Witnesses say the Jihad massacre, which many Iraqis consider a disquieting watershed in the country's descent into an undeclared civil war between Shiite and Sunni Muslim factions, was carried out with clocklike precision as residents cowered in their homes making panicked cellphone calls to U.S. security forces, the Iraqi equivalent of 911 and, in one case, a commander in a Shiite militia.
Iraq's Interior Ministry vehemently denies that police took part in the slayings. One ranking official, speaking on condition he not be named, said police commandos rushed to Jihad that day and restored order as "violence broke out among civilians." The U.S. military also defended its role, saying it responded as soon as Iraqi police said it was needed.
Authorities did not act until 2 1/2 to four hours after the operation started, residents contend. The few hours were all the assailants needed. With shocking speed, lives built up over decades came crashing down, and a neighborhood was crushed within the grinding gears of Iraq's sectarian war.
So let's go over the above for a bit. More for visitors, than for members. This month there have been two incidents (probably more, but two noted here) where what the residents of a town or city (or village) in Iraq states was a watch guard was killed and US military spokespersons have described the killed as 'insurgents.' If they weren't insurgents, visitors always argue, they wouldn't be on a rooftop with a gun. The visitors are apparently unaware of how violent and chaotic Iraq has become. (They usually accuse me of making the corpse count, or the bombings -- despite the fact that the links are provided to the Reuters, AFP, AP, etc. stories.) With what appears to be civil war, why wouldn't populations want, need or seek out a watch guard? It's perfectly normal (and there's something sad about applying 'perfectly normal' to what's going on Iraq -- agreed) considering what's going on from the kidnappings (AFP reports four on Saturday, the four turned up as corpses on Sunday), to the drive-bys, to the bombings, to the shootings, the home invasions, the bakery invasions, the . . .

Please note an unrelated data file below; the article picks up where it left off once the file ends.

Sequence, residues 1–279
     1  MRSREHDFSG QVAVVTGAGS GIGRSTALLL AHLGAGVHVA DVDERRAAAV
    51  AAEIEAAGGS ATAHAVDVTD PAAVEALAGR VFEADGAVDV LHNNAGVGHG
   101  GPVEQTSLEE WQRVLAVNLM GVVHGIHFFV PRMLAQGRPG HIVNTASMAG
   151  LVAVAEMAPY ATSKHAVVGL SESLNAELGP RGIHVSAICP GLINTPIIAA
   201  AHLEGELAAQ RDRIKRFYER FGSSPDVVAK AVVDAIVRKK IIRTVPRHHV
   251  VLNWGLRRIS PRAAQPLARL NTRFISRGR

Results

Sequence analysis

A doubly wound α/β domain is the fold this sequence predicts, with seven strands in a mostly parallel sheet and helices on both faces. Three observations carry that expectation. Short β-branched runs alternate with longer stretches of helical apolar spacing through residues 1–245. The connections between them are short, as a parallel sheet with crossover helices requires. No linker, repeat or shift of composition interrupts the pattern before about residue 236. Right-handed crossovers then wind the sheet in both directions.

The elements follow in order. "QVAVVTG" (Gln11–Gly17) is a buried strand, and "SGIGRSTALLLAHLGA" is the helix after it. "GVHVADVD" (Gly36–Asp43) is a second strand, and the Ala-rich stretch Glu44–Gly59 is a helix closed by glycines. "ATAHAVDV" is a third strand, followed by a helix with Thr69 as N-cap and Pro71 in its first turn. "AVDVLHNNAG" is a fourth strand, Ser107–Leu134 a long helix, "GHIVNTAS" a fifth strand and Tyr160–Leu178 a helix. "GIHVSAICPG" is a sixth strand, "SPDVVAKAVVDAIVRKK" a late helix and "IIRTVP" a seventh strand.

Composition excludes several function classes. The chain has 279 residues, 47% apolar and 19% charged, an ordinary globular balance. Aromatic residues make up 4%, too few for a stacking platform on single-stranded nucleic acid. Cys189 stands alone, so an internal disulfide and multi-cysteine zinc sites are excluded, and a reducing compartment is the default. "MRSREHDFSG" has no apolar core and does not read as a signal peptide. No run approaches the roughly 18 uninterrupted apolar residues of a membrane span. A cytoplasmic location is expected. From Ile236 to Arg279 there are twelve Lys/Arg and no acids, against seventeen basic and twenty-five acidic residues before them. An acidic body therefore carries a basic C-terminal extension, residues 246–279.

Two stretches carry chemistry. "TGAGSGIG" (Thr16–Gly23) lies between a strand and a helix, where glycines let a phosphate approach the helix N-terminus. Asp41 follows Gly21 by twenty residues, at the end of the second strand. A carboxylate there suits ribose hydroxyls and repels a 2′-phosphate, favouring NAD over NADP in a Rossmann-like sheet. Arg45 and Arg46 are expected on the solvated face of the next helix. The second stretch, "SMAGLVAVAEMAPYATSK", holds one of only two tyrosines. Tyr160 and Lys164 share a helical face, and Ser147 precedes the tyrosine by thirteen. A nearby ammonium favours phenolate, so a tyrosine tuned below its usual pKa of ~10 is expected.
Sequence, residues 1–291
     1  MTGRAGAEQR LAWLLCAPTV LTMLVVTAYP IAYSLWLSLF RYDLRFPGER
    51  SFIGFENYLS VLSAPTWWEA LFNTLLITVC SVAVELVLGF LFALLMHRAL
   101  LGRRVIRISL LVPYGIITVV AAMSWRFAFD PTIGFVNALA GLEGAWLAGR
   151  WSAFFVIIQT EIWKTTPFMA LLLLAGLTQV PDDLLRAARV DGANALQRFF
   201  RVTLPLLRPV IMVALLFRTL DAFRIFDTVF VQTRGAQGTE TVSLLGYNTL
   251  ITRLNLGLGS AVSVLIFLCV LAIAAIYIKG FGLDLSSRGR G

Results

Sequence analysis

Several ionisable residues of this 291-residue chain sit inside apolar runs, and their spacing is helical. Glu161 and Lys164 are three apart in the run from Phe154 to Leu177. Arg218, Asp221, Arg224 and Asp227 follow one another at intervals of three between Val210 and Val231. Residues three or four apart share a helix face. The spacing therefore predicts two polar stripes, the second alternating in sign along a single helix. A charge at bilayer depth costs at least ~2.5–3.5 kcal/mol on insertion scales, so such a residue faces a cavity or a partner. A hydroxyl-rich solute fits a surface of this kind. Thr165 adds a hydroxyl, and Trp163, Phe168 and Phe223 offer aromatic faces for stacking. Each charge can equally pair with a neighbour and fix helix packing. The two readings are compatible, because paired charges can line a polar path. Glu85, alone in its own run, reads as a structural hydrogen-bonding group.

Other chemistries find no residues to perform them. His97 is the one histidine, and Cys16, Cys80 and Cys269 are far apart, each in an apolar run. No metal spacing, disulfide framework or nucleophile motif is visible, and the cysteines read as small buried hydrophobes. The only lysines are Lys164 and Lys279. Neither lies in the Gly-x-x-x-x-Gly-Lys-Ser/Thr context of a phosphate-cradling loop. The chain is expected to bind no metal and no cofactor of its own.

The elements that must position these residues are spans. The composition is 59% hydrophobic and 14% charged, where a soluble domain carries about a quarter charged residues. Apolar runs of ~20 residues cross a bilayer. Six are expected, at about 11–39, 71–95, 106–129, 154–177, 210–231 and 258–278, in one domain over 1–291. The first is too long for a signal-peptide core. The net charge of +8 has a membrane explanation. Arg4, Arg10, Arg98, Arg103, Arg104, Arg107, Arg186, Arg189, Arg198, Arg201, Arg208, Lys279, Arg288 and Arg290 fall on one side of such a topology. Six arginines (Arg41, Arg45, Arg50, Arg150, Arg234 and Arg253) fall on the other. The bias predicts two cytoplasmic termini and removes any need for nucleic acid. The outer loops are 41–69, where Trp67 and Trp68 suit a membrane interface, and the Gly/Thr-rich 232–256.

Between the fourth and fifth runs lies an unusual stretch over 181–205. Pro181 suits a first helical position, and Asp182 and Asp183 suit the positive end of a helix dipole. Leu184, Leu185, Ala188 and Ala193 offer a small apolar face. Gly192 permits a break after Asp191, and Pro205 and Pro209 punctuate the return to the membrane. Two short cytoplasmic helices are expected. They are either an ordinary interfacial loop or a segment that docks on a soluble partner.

What's being described in the LA Times article above (with the usual denials from the usual suspects) doesn't need "verification." This isn't a court room jury. What matters is what the people believe. That's how they're seeing the illegal occupation. In that neighborhood, people feel that that Shi-ite attackers were aided by the police. Is it "true"? I have no way of knowing (but would guess it is from the above and other reported eye witness acounts). But it's what the people (the 'liberated') feel and it goes along way to explaining why the government (that we imposed -- the puppet government) doesn't have huge support. (Though the support rises when al-Maliki or anyone speaks in an independent voice -- independent from the United States -- and then falls when Donald Rumsfeld or any other US official begins telling the world what Iraq's so-called independent government can and cannot do.)
Visitors have also, apparently, missed the many reports of 'gunmen' garbed in police clothes leading attacks on civilians. (One friend serving over there states that some Iraqis are also suspicious of the vehicles being used in drive-bys and kindappings and where exactly those vehicles come from since, they argue, they are similar to what the occupiers drive.) There is chaos and violence every day. It may be students enroute to the university or school, it may be workers at a store or bakery, it may be athletes, but people trying to live daily lives, something as simple as pick up the ingredients for the evening's meal, find themselves in the middle of an attack, possibly killed.
Last week, police were pelted with rocks in one incidents (we noted it here via Reuters and a report Aaron Glantz did as well) and yelled out for not doing anything and being lackeys of the US occupation. In a recent gunfire attack, the Iraqi police stood down. US troops were only yards away and they stood down as well while killings were taking place. (The US quickly issued the statement that in those situations, they wait for the Iraqi police to invite them in. That's a curious 'excuse.') People see this, survivors tell it.